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It is 3am and your child wakes up complaining of ear pain. What can you do?
Ear pain is one of the most common complaints in the pediatric population. Parents exchange frequent stories about the number of times their child has taken a banana or cherry flavored antibiotic for one or more ear infections. It is the rare parent who sits by, not wanting to add to the anxiety of other parents, with the knowledge that their child has never taken an antibiotic for an ear ache. What’s more, the child has never had a serious problem resulting from not using antibiotics.
When I went through my medical school and residency training, we were warned about the serious complications of allowing an ear infection to progress without antibiotic treatmentmastoiditis, an inflammation and infection of the bony area behind the ear at the base of the skull, and meningitis, an inflammation and infection of the lining of the brain and spinal cord which could lead to permanent brain damage, not to mention, the possibility of permanent hearing loss.
Over the last 13 years, evidence from the European medical literature and observation of the medical practice of some of our own pioneering primary care providers and ENT (Ear, Nose & Throat) physicians, has taught us that the majority of cases of ear pain can and will resolve on their own. Without antibiotics. Without serious outcomes. With good clinical follow-up. Yet, many children receive antibiotics, and sometimes multiple antibiotics, for ear aches. And their ear aches continue to recur.
Are Ear Aches Really Ear Infections?
Inflammation occurs in the body as characterized by the following five observations--redness, swelling, heat, pain and loss of function. When a young child has an ear ache, the ear drum is usually found to be red (redness) with clear fluid or mucus buildup in the middle ear (swelling) causing pain, often accompanied by fever (heat) and occasionally accompanied by an acute loss of hearing; clearly a description of inflammation. Even if there were an infection, most studies confirm that viruses are the main organisms responsible for causing the development of these symptoms, not bacteria. Neither a viral infection, nor an inflammation in the ears responds to treatment with antibiotics. Only bacteria respond to antibiotic treatment. Therefore, in the majority of cases, antibiotics do not help. And, in many cases, antibiotics may cause more harm than good when they are used inappropriately.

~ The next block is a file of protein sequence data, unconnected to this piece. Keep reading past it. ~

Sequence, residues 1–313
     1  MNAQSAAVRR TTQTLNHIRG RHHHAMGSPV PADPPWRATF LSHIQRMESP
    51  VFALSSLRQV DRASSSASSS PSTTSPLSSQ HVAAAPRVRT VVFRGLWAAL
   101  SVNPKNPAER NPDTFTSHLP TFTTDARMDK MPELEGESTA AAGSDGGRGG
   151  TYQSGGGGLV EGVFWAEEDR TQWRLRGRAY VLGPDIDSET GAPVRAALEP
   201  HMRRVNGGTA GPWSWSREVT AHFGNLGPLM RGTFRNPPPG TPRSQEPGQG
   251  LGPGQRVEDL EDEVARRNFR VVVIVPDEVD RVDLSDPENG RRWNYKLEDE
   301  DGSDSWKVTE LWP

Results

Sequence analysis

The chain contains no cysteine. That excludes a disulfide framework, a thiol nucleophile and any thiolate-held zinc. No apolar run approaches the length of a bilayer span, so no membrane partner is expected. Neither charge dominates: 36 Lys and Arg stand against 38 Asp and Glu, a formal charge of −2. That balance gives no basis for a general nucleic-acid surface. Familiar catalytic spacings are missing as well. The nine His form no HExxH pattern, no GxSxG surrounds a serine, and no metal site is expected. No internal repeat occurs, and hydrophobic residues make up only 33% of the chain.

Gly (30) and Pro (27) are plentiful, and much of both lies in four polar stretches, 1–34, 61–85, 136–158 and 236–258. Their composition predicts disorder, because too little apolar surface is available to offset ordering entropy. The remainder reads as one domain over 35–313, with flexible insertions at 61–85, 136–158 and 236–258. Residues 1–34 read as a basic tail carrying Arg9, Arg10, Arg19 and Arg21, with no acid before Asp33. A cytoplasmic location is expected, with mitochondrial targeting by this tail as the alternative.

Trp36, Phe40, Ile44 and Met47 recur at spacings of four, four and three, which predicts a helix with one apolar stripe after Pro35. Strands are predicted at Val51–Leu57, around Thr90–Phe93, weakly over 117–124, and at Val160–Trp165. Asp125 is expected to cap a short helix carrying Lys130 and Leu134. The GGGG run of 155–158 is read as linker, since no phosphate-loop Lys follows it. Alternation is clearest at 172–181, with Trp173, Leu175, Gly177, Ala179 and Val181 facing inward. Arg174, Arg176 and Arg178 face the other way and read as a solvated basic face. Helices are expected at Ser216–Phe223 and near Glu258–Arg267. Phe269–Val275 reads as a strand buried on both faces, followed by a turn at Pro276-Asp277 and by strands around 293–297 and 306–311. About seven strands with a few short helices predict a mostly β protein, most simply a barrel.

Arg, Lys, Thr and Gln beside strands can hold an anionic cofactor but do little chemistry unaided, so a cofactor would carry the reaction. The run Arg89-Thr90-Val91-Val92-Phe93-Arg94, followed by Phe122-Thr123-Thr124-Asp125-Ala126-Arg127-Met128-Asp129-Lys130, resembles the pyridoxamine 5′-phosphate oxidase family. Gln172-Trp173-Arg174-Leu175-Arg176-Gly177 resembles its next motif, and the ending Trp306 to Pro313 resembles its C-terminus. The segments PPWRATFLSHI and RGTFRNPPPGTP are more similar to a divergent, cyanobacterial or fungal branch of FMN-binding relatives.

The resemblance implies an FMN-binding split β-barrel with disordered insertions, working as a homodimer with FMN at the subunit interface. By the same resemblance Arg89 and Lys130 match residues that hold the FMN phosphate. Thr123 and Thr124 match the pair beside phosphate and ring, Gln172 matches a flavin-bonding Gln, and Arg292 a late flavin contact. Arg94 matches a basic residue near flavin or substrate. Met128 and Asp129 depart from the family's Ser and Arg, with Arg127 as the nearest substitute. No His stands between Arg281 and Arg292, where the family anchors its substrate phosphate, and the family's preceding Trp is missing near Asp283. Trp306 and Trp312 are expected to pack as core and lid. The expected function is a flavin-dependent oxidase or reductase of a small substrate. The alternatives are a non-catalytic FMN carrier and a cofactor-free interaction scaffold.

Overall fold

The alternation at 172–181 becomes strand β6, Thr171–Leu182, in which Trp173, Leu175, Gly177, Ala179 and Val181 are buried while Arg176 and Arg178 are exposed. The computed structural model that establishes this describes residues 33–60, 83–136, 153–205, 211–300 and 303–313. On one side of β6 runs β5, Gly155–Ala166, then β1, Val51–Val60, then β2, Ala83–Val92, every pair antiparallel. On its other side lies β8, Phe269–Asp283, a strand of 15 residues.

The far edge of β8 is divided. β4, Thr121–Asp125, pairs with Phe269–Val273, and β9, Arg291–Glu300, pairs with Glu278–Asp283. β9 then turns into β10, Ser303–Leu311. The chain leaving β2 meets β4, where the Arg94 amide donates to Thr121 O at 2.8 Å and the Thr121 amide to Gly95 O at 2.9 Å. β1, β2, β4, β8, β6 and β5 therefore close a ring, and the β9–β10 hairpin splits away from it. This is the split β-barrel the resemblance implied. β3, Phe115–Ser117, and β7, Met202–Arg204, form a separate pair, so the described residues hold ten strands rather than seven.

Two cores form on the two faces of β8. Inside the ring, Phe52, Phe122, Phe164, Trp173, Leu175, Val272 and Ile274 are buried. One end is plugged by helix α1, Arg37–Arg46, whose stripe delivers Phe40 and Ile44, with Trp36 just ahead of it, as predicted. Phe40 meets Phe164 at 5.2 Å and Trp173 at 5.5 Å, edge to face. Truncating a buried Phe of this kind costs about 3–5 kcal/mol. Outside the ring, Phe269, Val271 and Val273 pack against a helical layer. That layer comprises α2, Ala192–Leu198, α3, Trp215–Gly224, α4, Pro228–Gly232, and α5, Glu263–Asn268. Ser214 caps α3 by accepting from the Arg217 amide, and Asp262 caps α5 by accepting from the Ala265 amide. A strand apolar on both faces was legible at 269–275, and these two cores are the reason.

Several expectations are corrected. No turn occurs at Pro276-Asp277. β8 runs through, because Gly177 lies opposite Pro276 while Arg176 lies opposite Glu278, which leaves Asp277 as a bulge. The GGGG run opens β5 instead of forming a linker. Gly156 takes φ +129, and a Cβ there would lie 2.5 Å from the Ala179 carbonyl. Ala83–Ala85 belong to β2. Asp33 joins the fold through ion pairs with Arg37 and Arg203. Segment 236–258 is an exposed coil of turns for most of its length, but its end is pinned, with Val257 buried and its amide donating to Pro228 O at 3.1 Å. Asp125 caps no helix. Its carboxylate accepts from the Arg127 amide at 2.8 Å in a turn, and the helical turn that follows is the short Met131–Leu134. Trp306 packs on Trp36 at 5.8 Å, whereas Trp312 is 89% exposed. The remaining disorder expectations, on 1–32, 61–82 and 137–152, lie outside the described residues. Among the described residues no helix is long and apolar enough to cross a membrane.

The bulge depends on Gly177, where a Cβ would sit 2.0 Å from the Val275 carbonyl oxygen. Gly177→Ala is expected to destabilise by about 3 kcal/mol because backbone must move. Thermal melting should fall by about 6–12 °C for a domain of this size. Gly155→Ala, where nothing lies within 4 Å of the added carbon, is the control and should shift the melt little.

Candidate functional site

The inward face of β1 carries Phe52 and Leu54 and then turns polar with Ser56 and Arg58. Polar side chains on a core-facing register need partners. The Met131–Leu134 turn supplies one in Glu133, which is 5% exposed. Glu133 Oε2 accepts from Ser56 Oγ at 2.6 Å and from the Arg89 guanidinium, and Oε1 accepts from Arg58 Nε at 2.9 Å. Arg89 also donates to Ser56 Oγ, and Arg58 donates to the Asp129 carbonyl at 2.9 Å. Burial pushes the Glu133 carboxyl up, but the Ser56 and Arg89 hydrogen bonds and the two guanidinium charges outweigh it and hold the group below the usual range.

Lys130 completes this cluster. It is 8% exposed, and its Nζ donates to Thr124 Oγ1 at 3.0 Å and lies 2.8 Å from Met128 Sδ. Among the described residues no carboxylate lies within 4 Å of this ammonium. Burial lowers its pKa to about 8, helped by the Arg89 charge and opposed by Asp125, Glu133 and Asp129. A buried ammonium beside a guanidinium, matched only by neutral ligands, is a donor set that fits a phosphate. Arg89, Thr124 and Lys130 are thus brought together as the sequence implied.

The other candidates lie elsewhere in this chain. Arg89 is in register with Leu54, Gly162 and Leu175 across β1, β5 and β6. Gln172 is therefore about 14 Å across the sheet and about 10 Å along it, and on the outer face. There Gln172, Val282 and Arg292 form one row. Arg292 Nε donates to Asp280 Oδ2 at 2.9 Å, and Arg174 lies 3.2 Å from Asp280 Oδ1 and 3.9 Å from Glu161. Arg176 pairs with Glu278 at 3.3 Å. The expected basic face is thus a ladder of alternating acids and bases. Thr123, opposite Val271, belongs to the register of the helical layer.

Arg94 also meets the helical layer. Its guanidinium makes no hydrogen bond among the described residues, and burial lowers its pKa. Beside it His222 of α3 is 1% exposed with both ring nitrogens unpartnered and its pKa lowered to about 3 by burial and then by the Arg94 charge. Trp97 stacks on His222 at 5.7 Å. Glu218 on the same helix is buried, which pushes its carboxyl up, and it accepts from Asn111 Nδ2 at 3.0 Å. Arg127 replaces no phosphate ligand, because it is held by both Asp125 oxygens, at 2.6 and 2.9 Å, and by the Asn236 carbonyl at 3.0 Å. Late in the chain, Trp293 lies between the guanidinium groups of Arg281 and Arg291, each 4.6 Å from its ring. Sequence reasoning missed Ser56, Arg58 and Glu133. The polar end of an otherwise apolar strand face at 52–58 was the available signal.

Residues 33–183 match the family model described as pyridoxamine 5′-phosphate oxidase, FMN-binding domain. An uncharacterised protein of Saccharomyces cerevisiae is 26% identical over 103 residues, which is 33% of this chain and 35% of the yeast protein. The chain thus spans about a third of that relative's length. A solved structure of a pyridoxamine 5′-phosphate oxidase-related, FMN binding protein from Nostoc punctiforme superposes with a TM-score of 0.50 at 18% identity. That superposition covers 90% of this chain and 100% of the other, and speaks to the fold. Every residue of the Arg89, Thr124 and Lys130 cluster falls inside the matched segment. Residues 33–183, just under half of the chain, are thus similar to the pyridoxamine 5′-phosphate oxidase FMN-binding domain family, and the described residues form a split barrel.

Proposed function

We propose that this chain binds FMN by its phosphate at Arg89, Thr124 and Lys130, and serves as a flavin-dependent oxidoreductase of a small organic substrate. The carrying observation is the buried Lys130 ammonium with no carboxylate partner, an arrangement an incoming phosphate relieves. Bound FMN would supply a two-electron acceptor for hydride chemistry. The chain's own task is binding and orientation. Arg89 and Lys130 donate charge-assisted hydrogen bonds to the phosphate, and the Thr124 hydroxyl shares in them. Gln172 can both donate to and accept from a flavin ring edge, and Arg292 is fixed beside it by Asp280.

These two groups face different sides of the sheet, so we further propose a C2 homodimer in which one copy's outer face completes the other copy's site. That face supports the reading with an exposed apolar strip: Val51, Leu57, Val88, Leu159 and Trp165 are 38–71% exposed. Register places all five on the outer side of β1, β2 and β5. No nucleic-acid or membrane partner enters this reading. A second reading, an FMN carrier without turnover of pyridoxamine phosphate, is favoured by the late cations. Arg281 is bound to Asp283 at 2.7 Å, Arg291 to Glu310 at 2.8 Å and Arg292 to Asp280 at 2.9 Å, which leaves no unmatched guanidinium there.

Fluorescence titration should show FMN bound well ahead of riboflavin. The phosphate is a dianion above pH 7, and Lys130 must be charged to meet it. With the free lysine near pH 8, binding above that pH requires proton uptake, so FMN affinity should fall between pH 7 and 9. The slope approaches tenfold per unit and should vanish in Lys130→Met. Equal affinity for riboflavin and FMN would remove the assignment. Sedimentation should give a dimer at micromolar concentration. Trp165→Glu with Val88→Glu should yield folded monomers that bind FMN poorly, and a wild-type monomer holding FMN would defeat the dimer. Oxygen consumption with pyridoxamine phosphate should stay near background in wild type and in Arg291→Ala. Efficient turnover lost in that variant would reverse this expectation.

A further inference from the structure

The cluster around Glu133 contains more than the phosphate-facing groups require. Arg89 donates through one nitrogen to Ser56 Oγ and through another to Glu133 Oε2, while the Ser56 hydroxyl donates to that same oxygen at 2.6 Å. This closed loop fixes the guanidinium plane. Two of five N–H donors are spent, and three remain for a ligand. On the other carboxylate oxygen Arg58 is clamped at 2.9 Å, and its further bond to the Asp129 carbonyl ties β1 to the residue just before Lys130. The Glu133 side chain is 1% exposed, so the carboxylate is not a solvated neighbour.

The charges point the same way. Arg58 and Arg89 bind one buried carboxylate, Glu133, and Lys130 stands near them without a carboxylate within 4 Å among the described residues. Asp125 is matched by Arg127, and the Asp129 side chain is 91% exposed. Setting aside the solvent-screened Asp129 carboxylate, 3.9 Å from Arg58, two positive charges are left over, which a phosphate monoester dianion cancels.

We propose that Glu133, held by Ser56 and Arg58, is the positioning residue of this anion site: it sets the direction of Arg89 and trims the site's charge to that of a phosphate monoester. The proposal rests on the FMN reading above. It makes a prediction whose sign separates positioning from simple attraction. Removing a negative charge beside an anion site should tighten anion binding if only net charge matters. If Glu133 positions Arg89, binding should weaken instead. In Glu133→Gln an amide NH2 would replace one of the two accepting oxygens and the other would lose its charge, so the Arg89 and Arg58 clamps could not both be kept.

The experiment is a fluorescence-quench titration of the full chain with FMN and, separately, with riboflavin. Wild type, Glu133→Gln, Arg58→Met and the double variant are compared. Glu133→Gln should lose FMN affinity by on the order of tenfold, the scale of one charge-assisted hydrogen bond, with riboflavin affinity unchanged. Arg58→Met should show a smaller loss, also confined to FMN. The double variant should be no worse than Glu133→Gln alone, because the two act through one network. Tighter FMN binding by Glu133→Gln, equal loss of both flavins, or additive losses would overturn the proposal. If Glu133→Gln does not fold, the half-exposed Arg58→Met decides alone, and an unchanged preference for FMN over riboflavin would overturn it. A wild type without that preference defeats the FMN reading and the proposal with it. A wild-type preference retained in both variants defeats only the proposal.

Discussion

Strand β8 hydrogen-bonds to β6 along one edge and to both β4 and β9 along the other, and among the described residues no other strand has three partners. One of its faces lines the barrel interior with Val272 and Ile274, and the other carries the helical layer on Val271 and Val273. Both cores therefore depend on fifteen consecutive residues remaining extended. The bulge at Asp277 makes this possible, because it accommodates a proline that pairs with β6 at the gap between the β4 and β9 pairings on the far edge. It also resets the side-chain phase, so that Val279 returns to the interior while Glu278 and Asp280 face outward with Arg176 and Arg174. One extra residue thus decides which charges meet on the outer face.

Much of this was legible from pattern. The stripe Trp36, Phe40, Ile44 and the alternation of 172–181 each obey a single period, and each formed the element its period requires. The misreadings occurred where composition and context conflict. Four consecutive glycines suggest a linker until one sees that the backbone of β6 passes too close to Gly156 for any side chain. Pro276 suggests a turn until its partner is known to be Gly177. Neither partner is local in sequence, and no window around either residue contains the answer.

A child is found on exam to have a red ear and no complaint of ear pain even though a fever is present. A pre-verbal infant or toddler with a red ear drum or fluid behind the ear appears well and is smiling. Another child presents with ear fluid and is no longer in pain. Most often these children are not suffering from ear infections and do not warrant antibiotic treatment. By definition, these children simply have inflamed ears which often respond better to other types of treatment.
Children who have infections, on the other hand, also present with these five signs of inflammation but, for the most part, do not look clinically well and often have an illness that is more serious than a simple ear infection. A child in pain who appears not to look well should be re-evaluated after the pain is relieved.
Early in my pediatric practice, I often gave a child a ten day course of an antibiotic for what I believed was a classic ear infection using the criteria I described for inflammation. More often than not, 2-3 days after completing the antibiotic, the child returned with the same symptoms. I would subsequently write another antibiotic prescription. Frequently, the same pattern would recur. Conventional training taught me that the child had an infection caused by a bacterium that was resistant to the antibiotic. Therefore, a different and stronger antibiotic was needed.
Eventually it occurred to me that perhaps the child never needed the antibiotic in the first place. Perhaps there was a different process going on that required a different set of treatments and understanding.